Counterfeit Pills the Most Likely Culprit in Prince's Overdose

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In the ongoing investigation of Prince’s sudden death in April, police seized mislabeled pill bottles from the late musician’s Paisley Park compound this morning. The pill bottles, labeled as hydrocodone, actually contained fentanyl, the drug ruled as Prince’s cause of death.

Fentanyl is a synthetic opioid that can potentially be 50 times stronger than heroin. According to the Associated Press, citing “an official close to the investigation,” an Aleve pill bottle found at the compound contained what was apparently a hydrocodone/acetaminophen pill stamped “Watson 385.” However, at least one of those pills tested positive for fentanyl. Another seized pill bottle labeled as aspirin contained lidocaine, a local anesthetic, and U-47700, another potent synthetic opioid.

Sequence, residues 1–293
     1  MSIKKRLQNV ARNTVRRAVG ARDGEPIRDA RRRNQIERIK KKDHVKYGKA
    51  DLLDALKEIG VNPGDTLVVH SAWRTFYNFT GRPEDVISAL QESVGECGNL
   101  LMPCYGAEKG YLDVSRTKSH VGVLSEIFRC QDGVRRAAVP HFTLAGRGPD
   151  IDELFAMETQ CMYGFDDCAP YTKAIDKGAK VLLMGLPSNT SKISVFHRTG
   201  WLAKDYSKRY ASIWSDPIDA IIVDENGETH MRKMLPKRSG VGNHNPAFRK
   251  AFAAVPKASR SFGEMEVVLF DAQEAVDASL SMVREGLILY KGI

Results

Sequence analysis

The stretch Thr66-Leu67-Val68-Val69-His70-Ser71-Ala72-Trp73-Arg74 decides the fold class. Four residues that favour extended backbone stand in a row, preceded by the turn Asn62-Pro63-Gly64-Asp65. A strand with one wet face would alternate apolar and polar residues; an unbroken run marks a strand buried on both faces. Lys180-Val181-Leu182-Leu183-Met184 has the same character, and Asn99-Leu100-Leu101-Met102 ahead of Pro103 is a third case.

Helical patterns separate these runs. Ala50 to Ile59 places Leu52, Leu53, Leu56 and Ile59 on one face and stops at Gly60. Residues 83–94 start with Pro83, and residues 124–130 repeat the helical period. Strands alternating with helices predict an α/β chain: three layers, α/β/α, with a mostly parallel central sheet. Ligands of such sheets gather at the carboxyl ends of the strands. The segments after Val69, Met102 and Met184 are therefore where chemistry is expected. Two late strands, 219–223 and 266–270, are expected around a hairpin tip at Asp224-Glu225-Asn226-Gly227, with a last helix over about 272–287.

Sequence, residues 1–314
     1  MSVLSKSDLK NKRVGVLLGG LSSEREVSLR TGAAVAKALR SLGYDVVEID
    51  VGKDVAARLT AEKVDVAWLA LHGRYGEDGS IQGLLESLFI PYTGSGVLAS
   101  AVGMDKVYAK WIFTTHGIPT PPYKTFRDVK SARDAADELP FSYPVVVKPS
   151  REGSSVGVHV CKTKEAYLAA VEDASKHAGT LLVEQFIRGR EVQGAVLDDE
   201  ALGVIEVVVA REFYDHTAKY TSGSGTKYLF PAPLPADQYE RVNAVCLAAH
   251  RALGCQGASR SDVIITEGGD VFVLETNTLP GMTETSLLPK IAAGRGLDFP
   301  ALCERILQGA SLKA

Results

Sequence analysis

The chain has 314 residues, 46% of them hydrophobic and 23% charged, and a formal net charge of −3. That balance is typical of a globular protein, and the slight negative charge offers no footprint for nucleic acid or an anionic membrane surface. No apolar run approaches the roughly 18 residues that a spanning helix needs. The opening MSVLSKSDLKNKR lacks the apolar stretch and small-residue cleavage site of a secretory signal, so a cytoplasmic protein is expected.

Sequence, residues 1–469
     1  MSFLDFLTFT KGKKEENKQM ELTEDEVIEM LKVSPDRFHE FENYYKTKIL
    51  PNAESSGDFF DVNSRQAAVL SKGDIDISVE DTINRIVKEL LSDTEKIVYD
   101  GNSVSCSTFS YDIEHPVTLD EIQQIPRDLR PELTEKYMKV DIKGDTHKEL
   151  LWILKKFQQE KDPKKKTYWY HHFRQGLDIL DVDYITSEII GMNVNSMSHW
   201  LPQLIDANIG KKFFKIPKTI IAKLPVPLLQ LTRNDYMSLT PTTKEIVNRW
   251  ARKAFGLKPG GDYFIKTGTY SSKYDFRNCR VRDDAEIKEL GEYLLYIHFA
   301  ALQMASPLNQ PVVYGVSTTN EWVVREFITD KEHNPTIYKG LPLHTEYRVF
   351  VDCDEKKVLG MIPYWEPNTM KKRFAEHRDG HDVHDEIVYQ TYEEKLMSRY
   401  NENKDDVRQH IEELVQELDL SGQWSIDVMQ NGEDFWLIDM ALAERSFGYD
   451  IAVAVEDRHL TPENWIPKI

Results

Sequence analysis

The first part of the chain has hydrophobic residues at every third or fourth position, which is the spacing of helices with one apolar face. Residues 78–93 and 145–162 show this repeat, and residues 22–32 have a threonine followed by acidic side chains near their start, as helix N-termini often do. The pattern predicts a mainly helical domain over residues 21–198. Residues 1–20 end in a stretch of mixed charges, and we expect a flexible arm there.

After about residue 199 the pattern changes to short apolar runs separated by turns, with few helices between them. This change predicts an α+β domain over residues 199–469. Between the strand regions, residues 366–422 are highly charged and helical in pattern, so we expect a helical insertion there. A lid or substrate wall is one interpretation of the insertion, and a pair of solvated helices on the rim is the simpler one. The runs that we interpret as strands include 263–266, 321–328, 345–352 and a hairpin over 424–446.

Investigators now believe that Prince took the fatal dose fentanyl on accident—he likely took drugs he believed to be hydrocodone or aspirin, which in actuality were counterfeit pills containing fentanyl. Prince’s tragic death marks another fatality in a string of accidental fentanyl-related overdoses as a result of Chinese-produced fentanyl finding its way into counterfeit pill production.

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